A successful biosensor must posses at least some of the following beneficial features:

1. The biocatalyst must be highly specific for the purpose of the analysis and be stable under normal storage conditions.

2. The reaction should be independent of factors such as temperature and pH (as much as possible). This would allow the analysis of samples with minimal pre-treatment.

3. If the biosensor is to be used for invasive monitoring in clinical situations, the probe must be small and biocompatible, having no toxic or antigenic effects. If it is to be used in fermenters it should be sterilisable.

4. The biosensor should not be prone to fouling or proteolysis.

5. The complete biosensor should be cheap, small, portable and capable of being used by semi-skilled operators.

6. There has to be a market for biosensors, clearly without a market there will be no use in making them.

An example for the use of biosensors is measuring glucose levels in the blood/urine. This is very important for diabetics, as they have to constantly maintain a controlled blood-glucose level. This biosensor works using the enzyme glucose oxidise. This is immobilised* in a gel (semi permeable cellophane acetate membrane) attached to a silicone-sheathed platinum oxygen electrode. This measures the concentration of oxygen dissolved in a solution. When the tip is placed in a drop of blood, glucose within the blood diffuses into the pores of the gel. This use’s up the oxygen in the enzyme as it has to break down the glucose. The electrode monitors the oxygen levels and converts it to an electrical signal. This is transduced and sent to a display that has been pre-calibrated to show the amount of glucose in the blood.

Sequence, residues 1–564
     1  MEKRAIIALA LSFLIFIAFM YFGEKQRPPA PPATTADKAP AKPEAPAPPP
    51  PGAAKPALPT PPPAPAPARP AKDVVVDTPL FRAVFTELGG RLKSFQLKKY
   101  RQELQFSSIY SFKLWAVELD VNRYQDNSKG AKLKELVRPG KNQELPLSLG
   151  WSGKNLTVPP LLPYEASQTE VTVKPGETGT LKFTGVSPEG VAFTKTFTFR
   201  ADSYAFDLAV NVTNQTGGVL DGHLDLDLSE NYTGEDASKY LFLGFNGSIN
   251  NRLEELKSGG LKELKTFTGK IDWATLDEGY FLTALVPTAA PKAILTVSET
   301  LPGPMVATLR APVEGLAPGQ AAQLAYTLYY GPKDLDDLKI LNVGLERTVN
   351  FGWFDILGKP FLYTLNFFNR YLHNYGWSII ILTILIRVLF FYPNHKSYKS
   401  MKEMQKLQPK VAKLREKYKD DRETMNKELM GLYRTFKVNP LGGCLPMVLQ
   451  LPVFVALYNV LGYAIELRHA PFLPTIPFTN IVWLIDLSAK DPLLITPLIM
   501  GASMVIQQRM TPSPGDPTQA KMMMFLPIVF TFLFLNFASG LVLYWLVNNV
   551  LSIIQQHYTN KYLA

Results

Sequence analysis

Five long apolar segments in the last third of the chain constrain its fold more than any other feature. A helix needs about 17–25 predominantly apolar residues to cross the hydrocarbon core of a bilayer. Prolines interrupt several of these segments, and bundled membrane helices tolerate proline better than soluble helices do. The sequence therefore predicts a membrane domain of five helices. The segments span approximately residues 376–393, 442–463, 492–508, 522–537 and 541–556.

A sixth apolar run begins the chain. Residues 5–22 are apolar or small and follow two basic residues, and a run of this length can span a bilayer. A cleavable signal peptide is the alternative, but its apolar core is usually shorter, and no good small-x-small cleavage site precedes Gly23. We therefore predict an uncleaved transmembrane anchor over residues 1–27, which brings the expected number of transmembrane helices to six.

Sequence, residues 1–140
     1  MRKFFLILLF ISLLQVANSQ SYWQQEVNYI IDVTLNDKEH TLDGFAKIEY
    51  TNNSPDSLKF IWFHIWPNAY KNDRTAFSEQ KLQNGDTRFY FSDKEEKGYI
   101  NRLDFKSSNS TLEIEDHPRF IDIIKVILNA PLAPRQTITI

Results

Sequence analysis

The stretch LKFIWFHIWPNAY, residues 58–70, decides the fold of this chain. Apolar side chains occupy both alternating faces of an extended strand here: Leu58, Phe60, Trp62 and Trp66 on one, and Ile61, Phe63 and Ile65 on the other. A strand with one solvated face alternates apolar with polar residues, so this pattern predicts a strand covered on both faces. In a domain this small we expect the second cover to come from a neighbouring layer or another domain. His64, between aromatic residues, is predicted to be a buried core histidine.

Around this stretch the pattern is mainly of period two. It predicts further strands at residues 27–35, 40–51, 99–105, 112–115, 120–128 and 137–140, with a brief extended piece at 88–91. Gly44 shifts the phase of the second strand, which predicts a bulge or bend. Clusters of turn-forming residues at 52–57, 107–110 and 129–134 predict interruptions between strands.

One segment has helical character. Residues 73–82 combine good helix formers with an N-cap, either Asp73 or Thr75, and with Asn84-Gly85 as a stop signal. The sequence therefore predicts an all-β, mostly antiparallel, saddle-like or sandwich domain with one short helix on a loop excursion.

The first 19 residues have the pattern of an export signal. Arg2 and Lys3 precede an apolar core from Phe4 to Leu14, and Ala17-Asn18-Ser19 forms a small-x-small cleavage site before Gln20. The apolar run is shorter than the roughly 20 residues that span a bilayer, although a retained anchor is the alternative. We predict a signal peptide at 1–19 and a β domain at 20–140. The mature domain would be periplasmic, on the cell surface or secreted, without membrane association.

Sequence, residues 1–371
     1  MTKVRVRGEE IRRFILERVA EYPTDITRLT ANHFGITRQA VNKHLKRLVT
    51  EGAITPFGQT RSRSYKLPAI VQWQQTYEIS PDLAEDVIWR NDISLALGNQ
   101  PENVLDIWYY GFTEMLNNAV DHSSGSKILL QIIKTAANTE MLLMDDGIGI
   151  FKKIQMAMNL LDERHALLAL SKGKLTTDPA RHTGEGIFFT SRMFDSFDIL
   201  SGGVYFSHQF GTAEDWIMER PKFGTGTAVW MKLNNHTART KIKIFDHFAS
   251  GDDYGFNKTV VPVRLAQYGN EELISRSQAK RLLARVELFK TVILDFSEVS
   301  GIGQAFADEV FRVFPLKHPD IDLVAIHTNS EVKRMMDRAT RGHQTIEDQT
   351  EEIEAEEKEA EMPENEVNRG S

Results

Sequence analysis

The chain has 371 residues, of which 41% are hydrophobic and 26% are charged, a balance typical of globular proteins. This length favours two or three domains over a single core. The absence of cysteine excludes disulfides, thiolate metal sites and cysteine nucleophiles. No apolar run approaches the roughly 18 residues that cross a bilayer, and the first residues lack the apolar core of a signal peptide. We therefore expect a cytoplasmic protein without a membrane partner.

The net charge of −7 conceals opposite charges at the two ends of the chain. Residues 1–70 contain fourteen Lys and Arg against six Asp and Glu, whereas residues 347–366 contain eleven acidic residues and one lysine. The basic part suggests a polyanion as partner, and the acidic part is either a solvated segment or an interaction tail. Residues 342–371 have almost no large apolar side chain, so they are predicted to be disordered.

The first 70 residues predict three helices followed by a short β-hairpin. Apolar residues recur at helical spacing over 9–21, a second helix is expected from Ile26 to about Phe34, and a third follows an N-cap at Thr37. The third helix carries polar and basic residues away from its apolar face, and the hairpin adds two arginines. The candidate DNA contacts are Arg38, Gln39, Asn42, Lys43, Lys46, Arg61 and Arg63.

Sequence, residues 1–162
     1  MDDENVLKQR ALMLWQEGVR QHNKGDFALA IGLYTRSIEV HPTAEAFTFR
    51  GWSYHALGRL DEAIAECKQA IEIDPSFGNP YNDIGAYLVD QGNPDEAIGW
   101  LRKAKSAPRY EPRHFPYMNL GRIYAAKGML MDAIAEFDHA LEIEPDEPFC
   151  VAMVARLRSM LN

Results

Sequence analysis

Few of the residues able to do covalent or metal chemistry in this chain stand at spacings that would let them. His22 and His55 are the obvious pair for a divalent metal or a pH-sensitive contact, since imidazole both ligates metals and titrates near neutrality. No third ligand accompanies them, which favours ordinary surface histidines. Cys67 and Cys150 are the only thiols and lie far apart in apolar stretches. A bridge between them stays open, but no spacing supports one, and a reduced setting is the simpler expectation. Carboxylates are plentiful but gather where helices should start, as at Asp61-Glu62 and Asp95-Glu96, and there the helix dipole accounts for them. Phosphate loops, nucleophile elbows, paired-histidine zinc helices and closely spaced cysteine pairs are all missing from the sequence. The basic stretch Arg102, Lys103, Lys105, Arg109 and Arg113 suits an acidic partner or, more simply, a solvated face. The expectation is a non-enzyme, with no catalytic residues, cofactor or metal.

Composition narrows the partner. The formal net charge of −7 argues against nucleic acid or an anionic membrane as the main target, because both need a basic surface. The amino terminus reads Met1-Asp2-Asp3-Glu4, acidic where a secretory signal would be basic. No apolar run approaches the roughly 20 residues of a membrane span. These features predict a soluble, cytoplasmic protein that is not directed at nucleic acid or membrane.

*When an enzyme is immobilised it means that it is not in a solution but instead attached to or trapped within an insoluble material. These are much more useful than free enzymes, as:

o They are much more thermo stable (stable at high temperatures).

o They are more resistant to changes in pH.

o They are less likely to be degraded by organic solvents.

o The products are uncontaminated by enzyme and can be collected more easily.

o The enzyme can be retained and re-used.

o Use of columns of immobilised enzyme allows automation of the industrial process.

(All of these factors are important when scaling up the use of enzymes to a commercial level.)

The first attempt to use a biosensor was in 1962 by a man named Professor Leland C. Clark. The first biosensor made was a simplified version of the glucose oxidase biosensor described above. This type of sensor was initially used by surgeons to monitor the blood-glucose levels of their patients during surgery.

Apart from electromical biosensors there are two other important biosensors; optical biosensors and immuno biosensors.

Optical biosensors are the second major family of biosensors (after electromical biosensors) to be exploited commercially. These biosensors pick up characteristic light properties (wavelength, fluorescence) emmited by certain molecules or a light source emitted by the sensor itself, onto the sample to be measured. These properties are absorbed by optic fibres covered in a biological element. Molecules present at the surface of the fibre will absorb certain wavelengths of incoming light. The light that passes through the biological layer is measured. The outgoing spectrum will be different from the incoming one and therefore the difference can be measured. This is then compared with a pre printed reference, which allows the determination of the level of analyte (any material/chemical, subject to analysis).

(Even though this type of biosensor is just a sensor that detects light and therefore doesn’t use enzymes, it is still worth mentioning, as it is a means of comparing the different types of biosensors that are commercially used.)

Immuno biosensors can accurately detect bacterial pathogens in food products. This type of sensor follows the same principle of enzyme biosensors but the enzyme catalysed reaction causes antibodies to physically bond to antigens in the sample. When they bond together this gives the reaction/change needed to educe a small current needed for the transducers to convert into a circuit which can, in turn, give a numeric reading. Such sensors promise to speed up detection of harmful bacteria in food processing industries.

Biosensors have a number of key advantages:

o Fast to use

o Simple to use